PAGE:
Thread: Sealers
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Unread 04-15-2003, 03:55 PM   #1
John Bridge
Join Date: Mar 2001
Location: Rosanky, Texas
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Copied by JB from Thread No. 5904 (Professionals' Hangout)

Restoration Specialist

Registered: Nov 2002
Location: Denver, Colorado
Posts: 264
I started a response to this last night, and well, just as I hit my 7th page use Word I decided I would not bore most folks with this subject.

Bottom line is most impregnators on the market clog pores, just as Maurizio states. They do allow for SOME vapor transmission, but usually not enough, especially in a shower environment were there may be moisture seeping in from any of multiple locations.

Silicones, which include silanes and siloxanes (same animal), silicates, epoxy and vinyl resins can and will clog pores.

Solvent-based impregnators tend to have a lower surface tension. Most are formulated with N-Heptane, a solvent with a very low surface tension (19 dynes/cm3). Surface tension is what everything is based on when it comes to “sealing”. The lower the better. This is why solvent-based technology is usually best (among a few other reasons). A low-tension product can penetrate deeper into the surface and provide a sub-surface barrier with a low-tension rating. But truth be told, the technology does exist to formulate a water-based product with 1/3 the tension of any solvent-based product on the market, but you good folks would not want to pay the $1000 or so a gallon it would cost.

Again, everything is based on surface tension. When cleaning a surface, you need a product that is low enough in tension to get between the bond of the contaminant and the surface and break that bond. Water based contaminants tend to have a tension of around 35 (give or take here) and oil based contaminants are around 25 (again, give or take a bit). This same rule applies to impregnators and seals. If the protectants surface tension is lower than 35 but higher than 25, this protectant becomes water repellant and not a stain repellant. But if a protectant falls below 25 it becomes both water and stain repellent.

Dense surfaces need a product very low in surface tension to allow for adequate penetration (he he he…. yes I said adequate penetration). THIS HAS NOTHING TO DO WITH MOLECULAR SIZE EVERYBODY!!!! Jeeez people, a molecule is anything composed of at least two different atoms. ATOMS!!! Molecular size and blah, blah, blah sound great as a sales pitch, but this is B.S.!!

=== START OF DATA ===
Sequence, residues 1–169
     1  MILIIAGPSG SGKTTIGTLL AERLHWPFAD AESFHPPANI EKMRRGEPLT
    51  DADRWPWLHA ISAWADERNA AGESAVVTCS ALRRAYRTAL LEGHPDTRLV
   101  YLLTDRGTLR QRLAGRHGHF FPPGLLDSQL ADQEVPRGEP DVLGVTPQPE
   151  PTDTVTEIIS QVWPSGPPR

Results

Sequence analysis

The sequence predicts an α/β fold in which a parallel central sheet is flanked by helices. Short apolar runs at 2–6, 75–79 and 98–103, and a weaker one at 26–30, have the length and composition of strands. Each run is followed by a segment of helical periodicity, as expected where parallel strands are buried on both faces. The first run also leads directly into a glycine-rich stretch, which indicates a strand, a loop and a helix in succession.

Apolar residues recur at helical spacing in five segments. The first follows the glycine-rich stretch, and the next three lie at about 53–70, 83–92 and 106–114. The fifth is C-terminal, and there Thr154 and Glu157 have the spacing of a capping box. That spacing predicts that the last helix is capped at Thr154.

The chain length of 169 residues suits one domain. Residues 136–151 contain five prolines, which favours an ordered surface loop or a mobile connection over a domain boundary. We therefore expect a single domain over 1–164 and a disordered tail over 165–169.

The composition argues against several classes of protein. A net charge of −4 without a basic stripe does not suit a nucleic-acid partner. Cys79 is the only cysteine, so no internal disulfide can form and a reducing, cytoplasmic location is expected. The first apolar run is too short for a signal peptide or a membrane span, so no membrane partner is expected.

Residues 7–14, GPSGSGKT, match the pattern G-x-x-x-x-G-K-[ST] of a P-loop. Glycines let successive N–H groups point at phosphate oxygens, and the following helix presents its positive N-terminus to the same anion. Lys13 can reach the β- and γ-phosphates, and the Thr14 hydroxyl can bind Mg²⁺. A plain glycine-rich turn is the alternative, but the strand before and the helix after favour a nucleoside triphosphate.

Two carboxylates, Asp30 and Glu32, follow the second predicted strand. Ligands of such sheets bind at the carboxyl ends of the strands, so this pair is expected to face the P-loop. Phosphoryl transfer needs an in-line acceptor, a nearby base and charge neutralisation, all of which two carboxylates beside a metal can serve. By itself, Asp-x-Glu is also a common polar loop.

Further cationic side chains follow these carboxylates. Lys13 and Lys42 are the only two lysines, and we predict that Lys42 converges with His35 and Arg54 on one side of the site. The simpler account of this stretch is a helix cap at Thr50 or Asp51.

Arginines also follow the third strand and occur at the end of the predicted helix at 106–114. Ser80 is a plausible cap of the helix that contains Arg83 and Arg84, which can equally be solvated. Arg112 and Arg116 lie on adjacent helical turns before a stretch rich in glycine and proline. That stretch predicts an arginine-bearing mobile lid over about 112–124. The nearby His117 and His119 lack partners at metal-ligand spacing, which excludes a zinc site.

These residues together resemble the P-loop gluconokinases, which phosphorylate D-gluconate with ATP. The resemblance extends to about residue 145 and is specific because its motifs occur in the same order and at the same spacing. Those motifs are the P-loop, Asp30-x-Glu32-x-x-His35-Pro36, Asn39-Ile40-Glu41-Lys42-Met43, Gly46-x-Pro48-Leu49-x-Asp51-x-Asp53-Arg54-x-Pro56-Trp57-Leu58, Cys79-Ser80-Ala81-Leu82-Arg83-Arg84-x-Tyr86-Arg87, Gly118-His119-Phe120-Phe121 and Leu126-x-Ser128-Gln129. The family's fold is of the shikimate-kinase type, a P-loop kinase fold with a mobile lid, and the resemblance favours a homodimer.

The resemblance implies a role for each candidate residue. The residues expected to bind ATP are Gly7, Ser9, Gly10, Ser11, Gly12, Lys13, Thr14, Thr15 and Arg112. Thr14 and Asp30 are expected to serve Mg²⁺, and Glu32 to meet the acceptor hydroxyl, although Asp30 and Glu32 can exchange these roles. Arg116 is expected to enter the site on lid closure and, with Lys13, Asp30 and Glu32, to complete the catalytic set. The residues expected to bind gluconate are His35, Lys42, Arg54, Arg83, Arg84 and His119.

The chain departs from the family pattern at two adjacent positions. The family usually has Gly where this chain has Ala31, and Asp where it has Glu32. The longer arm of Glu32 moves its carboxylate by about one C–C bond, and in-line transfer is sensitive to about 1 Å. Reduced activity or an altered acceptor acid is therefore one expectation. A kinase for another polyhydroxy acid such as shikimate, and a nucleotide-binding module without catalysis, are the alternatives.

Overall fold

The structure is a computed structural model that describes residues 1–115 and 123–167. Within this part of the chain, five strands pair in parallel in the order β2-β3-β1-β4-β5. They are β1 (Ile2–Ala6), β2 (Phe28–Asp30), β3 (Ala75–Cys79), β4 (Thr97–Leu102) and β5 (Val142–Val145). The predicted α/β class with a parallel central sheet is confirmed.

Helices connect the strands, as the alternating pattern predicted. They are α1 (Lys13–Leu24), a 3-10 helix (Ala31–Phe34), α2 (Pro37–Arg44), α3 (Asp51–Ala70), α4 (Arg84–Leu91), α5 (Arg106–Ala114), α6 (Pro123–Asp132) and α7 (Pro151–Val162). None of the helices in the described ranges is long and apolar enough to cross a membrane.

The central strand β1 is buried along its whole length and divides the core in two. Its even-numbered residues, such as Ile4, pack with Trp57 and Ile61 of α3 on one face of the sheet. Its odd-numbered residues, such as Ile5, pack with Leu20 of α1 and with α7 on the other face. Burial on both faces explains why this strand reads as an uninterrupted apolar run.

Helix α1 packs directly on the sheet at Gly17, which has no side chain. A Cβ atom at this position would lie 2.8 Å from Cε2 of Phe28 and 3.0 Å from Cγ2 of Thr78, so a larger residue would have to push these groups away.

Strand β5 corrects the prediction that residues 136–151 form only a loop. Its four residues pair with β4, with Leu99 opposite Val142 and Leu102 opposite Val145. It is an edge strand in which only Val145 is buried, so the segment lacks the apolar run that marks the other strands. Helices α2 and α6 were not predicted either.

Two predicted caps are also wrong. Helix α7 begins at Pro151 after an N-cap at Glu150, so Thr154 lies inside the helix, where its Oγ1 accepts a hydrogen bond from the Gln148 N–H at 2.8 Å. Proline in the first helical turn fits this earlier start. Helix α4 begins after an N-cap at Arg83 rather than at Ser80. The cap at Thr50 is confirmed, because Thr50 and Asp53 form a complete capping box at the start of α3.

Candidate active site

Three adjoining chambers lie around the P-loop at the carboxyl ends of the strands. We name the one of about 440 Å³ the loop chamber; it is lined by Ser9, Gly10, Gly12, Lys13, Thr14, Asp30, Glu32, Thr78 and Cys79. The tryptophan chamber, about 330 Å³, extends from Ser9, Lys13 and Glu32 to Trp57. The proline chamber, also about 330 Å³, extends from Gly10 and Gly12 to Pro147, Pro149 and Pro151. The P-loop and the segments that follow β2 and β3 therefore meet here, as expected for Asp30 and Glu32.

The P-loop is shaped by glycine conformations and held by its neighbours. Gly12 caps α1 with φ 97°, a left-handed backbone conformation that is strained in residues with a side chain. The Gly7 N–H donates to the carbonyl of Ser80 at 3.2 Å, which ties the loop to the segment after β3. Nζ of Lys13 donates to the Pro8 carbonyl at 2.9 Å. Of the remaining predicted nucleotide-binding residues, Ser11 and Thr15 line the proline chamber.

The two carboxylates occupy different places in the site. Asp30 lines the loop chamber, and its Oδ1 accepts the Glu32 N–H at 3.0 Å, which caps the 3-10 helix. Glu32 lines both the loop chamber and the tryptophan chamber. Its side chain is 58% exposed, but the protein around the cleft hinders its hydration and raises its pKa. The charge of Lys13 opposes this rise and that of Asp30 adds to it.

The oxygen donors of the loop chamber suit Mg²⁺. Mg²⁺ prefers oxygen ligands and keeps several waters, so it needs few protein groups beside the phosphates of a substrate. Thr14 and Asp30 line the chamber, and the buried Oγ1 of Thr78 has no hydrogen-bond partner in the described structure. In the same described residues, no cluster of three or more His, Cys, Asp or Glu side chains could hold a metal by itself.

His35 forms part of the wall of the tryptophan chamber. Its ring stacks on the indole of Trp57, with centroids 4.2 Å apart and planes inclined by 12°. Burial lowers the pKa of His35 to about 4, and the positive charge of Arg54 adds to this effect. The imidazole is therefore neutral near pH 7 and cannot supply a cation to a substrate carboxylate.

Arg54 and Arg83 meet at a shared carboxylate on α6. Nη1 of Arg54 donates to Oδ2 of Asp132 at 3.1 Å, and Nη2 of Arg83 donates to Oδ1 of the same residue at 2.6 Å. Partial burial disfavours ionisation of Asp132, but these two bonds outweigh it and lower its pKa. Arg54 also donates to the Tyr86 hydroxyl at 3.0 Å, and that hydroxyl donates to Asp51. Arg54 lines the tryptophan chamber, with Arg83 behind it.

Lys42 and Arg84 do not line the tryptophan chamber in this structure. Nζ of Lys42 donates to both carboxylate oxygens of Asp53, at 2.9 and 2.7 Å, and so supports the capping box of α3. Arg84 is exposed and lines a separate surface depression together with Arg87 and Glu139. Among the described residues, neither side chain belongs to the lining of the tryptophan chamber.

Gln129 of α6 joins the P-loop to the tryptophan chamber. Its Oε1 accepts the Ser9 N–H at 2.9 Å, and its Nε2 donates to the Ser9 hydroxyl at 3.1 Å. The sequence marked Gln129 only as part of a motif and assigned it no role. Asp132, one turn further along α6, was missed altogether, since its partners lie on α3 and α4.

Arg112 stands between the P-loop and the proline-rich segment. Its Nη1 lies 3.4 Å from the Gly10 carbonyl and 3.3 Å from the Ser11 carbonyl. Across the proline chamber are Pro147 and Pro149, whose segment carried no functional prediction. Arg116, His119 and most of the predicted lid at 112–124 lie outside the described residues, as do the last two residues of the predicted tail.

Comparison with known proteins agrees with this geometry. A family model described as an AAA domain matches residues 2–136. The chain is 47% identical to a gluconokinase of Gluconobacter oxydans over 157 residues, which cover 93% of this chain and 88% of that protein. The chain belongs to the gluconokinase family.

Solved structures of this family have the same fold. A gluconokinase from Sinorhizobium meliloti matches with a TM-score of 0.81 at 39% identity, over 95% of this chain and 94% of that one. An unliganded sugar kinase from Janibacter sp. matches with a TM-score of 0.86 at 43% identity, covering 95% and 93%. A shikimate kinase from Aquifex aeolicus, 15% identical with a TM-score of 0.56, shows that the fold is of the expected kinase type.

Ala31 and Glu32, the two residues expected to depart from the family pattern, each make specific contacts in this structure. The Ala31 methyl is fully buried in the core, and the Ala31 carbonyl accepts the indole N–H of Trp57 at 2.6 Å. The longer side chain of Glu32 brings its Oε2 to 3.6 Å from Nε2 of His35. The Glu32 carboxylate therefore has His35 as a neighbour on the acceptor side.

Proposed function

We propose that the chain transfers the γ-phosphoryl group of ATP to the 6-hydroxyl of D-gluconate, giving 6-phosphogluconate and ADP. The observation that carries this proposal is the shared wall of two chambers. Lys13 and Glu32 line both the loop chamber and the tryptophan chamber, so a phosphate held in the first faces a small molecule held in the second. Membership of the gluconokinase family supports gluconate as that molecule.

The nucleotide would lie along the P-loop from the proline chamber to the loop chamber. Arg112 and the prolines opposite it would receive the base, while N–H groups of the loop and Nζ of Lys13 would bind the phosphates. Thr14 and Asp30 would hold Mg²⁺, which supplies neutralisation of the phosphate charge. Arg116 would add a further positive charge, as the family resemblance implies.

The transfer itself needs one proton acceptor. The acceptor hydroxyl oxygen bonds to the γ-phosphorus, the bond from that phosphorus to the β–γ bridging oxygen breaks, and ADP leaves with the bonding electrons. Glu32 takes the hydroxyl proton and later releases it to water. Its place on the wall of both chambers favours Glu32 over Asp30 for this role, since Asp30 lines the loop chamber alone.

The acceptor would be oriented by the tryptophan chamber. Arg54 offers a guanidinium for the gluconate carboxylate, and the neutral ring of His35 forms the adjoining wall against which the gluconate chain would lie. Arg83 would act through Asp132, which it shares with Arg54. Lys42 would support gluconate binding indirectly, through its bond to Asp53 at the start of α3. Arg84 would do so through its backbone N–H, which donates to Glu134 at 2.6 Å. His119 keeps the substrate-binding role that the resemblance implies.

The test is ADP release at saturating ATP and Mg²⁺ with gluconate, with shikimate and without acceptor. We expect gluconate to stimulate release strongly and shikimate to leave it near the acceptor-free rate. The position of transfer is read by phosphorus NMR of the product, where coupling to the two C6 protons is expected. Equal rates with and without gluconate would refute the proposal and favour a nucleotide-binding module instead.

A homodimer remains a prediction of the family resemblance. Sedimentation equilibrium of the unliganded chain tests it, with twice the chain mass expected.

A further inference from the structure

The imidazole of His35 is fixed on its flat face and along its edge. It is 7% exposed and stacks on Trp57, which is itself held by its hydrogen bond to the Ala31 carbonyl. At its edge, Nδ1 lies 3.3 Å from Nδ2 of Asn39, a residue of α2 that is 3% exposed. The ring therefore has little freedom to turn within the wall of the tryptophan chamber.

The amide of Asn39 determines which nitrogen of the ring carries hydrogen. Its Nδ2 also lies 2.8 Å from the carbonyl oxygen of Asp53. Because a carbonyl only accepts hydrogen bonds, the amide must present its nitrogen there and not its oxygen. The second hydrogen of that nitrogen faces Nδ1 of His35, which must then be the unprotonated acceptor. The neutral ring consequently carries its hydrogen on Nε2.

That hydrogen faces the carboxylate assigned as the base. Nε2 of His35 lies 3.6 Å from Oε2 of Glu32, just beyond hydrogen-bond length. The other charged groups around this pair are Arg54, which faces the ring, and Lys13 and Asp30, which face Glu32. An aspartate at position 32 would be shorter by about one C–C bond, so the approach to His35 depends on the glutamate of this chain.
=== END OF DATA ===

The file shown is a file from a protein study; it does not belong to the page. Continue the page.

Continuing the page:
I have done extensive research on this subject, sort of a life’s work if you will. Years ago, 3M (the makers of Scotch Guard) had a raw material called FC-759. This was the king of the hill for fluoro technology. Well, the EPA stepped in, and 3M being the good company they are, stopped manufacturing it. Everybody’s research, as well as products based on this technology, went down the tubes. Back to the drawing board folks. Now this technology is back, stronger and better than ever before.

We are now crossing over into reactive impregnators. Products that physically change the make-up of the surface, not clogging pores. Clogging pores is easy, just pour some oil on the surface, like a lot of old timers used to do, and, well, what do ya know…its sealed. Duh.

I have worked with the likes of Dupont, 3M, Dow and many other smaller guys. We flat stole the technology from carpet folks (yup all you tile guys…. carpet guys) and adapted it for our own use. This required a lot of research, but years ago, when I sealed a piece of SILK with FC-759 and it held brake fluid for 24 hours, yet I could still breath (blow air) through the SILK, I was sold.

So, please keep an open mind everybody. I will share notes with anybody that is in a position to do so. I have pages of information to add here, and I will happily, just ask away.

Bottom line? Newer products, or old ones being re-formulated, based on fluoro chemicals (be it fluoropolymers or fluorosurfactants) are hitting the market everyday. THESE PRODUCTS WILL NOT CLOG PORES…PERIOD.

04-14-2003 03:53 PM

Last edited by John Bridge; 04-15-2003 at 04:22 PM.
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